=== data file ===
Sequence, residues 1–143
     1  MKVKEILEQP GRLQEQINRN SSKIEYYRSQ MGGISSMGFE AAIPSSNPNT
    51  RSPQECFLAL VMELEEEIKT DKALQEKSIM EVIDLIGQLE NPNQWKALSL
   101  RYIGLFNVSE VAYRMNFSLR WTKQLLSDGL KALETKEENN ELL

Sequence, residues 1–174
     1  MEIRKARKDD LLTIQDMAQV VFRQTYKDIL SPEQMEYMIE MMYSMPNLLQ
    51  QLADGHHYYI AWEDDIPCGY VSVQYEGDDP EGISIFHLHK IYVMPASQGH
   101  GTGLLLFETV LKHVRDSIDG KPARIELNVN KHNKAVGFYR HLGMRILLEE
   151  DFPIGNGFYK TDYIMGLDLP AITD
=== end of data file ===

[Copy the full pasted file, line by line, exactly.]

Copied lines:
Sequence, residues 1–143
     1  MKVKEILEQP GRLQEQINRN SSKIEYYRSQ MGGISSMGFE AAIPSSNPNT
    51  RSPQECFLAL VMELEEEIKT DKALQEKSIM EVIDLIGQLE NPNQWKALSL
   101  RYIGLFNVSE VAYRMNFSLR WTKQLLSDGL KALETKEENN ELL

Sequence, residues 1–174
     1  MEIRKARKDD LLTIQDMAQV VFRQTYKDIL SPEQMEYMIE MMYSMPNLLQ
    51  QLADGHHYYI AWEDDIPCGY VSVQYEGDDP EGISIFHLHK IYVMPASQGH
   101  GTGLLLFETV LKHVRDSIDG KPARIELNVN KHNKAVGFYR HLGMRILLEE
   151  DFPIGNGFYK TDYIMGLDLP AITD